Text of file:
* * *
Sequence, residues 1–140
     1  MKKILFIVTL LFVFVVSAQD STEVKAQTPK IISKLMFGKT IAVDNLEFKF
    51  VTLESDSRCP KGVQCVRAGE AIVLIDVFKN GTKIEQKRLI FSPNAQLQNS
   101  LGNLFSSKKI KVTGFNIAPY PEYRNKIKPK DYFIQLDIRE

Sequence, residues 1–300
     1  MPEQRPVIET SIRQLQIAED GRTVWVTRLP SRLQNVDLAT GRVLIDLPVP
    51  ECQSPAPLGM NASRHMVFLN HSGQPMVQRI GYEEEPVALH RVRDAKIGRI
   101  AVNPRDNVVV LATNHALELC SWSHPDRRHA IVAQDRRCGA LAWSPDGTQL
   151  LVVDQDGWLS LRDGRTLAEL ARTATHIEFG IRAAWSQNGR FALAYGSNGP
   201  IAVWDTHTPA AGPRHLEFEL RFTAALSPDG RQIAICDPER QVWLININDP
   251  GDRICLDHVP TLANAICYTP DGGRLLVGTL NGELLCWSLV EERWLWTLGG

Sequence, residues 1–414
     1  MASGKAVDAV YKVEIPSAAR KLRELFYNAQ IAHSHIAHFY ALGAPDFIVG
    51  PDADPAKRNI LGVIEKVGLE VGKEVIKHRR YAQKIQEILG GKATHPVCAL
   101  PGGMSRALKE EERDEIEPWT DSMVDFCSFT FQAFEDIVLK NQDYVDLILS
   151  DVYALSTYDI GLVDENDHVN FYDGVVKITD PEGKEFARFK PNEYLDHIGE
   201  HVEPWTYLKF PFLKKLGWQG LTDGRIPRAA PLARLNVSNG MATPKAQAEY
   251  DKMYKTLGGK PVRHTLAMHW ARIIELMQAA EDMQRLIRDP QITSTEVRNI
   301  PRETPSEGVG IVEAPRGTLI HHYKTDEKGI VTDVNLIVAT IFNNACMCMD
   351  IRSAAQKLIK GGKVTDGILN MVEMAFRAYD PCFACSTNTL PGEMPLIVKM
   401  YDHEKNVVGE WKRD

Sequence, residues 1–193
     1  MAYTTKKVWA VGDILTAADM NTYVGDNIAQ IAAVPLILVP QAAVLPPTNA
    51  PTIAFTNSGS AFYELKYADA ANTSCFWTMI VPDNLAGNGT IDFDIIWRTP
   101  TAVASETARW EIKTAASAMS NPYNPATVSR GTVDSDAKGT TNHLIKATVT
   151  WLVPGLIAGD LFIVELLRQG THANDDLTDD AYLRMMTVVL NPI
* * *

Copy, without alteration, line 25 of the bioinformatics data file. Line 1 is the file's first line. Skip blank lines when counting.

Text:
   101  TAVASETARW EIKTAASAMS NPYNPATVSR GTVDSDAKGT TNHLIKATVT